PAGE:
Ada certainly didn’t. “Do you know how to use those things?”

    The grin returned to Berk’s face. “Of course we bloody do. You trust us, love, and do your own task. Now off we go, yes?”

    Ada glanced at a defeated Edward before nodding. “Let’s do our thing then.”

    They paced across the sheltered ground towards the ridge far ahead, enormous leaves crunching under their heavy boots. Ada lingered behind, preferring to take her time than rush. She watched Edward walk aside one of the other men: a lean, reserved looking man with olive skin.

    “Do you have a name…sir?” Edward ventured.

    The reserved man looked slowly at him. “Yes. My name…Marco.” He hesitated and looked glumly at the floor. “Forgive…my English is second language. My home…is Italy. We only learn…on way to this place.”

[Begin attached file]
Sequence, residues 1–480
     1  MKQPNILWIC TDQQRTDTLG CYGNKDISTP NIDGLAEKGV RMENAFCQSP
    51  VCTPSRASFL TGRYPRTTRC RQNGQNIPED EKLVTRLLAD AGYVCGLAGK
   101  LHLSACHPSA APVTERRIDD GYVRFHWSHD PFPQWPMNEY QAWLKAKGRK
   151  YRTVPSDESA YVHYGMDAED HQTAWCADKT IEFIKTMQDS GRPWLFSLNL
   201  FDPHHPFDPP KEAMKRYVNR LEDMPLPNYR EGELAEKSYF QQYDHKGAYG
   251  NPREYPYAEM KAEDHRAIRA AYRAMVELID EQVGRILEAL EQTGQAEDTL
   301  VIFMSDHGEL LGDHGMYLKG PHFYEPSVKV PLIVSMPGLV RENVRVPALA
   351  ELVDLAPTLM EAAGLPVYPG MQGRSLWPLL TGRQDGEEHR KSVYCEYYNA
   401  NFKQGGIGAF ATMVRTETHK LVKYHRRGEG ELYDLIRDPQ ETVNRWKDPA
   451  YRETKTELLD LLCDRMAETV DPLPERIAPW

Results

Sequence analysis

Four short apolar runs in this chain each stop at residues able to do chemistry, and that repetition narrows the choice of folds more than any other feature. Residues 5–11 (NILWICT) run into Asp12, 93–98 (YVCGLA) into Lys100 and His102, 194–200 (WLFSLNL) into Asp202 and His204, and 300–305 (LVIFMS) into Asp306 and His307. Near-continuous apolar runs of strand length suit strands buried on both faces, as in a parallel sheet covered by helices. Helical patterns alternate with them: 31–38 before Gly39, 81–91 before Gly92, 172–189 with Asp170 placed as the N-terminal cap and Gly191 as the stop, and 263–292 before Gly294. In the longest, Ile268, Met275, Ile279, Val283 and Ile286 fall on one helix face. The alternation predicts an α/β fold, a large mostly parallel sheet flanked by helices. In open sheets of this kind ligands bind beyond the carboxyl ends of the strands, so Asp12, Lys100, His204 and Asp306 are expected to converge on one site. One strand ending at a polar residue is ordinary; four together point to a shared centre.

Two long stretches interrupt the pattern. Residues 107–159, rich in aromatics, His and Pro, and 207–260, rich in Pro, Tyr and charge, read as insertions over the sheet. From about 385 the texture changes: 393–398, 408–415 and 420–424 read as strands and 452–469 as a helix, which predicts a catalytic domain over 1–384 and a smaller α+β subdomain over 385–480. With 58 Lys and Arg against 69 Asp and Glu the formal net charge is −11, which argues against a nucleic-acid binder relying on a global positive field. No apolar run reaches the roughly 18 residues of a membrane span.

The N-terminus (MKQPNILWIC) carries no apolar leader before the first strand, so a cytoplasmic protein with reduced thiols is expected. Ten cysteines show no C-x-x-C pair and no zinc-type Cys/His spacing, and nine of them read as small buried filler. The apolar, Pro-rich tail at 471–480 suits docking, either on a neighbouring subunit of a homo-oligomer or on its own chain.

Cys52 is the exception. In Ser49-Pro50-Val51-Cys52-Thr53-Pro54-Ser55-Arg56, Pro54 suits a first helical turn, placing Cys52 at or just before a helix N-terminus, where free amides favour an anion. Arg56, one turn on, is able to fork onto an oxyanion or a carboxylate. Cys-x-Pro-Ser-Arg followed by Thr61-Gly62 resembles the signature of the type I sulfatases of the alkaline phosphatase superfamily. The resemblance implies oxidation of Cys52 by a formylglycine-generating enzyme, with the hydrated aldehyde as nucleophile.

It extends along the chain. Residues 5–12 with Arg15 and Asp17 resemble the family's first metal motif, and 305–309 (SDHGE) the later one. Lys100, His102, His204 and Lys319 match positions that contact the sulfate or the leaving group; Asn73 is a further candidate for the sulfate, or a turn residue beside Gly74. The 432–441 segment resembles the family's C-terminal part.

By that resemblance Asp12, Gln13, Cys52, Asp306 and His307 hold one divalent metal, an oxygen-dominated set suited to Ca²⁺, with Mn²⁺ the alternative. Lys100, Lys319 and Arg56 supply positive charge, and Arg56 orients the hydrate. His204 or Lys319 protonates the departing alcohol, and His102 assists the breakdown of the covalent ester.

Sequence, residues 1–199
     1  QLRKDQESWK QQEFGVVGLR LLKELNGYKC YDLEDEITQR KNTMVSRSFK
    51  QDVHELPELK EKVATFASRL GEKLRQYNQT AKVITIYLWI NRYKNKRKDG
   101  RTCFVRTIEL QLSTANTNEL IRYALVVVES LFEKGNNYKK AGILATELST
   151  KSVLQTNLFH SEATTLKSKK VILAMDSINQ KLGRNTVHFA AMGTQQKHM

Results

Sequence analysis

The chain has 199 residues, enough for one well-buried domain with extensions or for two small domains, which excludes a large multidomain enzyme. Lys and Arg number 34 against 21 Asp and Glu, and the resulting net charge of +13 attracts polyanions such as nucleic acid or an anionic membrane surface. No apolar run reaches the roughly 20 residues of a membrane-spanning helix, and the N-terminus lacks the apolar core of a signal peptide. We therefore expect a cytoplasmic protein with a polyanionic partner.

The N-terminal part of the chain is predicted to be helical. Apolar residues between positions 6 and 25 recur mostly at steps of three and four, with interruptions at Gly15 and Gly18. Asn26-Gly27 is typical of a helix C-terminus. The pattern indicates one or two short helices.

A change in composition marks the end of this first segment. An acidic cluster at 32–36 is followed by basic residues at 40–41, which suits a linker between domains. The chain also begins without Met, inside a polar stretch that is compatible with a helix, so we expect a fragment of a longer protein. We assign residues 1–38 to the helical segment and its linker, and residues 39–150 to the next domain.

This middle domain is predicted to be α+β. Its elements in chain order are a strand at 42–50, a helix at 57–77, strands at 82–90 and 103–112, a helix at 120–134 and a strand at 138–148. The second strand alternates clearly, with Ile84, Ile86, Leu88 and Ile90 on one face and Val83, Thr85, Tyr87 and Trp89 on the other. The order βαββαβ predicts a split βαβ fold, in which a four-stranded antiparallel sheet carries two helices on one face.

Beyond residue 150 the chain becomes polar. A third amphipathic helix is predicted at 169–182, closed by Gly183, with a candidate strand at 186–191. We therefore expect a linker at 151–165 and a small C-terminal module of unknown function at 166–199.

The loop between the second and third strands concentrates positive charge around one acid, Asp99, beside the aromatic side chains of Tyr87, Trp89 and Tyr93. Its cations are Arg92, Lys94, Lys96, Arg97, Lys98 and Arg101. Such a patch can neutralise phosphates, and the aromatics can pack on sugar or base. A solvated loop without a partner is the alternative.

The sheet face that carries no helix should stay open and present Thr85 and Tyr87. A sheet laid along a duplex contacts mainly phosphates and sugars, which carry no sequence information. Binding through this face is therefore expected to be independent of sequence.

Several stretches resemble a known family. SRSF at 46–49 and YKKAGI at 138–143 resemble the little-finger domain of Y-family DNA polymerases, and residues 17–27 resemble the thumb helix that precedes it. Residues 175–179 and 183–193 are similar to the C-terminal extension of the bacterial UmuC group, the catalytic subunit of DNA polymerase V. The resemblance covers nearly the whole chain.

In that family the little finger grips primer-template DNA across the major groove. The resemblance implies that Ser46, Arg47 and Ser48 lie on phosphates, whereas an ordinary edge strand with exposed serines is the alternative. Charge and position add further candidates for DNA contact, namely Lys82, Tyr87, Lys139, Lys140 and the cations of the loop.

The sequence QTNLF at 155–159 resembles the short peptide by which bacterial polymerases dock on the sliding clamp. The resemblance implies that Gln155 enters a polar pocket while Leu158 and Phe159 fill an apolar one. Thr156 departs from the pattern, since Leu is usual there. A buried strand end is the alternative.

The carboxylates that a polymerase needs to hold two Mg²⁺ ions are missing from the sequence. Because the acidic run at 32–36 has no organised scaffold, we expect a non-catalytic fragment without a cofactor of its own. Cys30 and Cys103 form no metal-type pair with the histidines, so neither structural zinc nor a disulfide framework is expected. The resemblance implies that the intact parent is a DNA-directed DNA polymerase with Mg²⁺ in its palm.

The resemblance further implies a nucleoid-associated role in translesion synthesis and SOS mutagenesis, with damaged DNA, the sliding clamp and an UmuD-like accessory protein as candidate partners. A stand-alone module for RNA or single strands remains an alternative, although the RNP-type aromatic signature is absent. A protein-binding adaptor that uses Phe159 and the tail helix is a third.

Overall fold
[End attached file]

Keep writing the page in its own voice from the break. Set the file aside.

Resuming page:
Edward nodded in understanding. “I think you speak English very well for so small a time learning.”

    “Thank you. Your name…Edward?”

    “That’s right. And I found it a bad trip here. I am much fonder of horses. Do you know horses?” Edward made a galloping gesture.

    Marco smiled. “Yes. I know horses. We have…fields, in Italy. I own many.”

    Ada couldn’t help but smile herself. Edward had proven to be a surprisingly competent communicator, and his presence was a safe anchor to hold onto for comfort.

    Berk had reached the peak of the ridge ahead. “Everyone might wanna come take a look at this!” He bellowed back to them.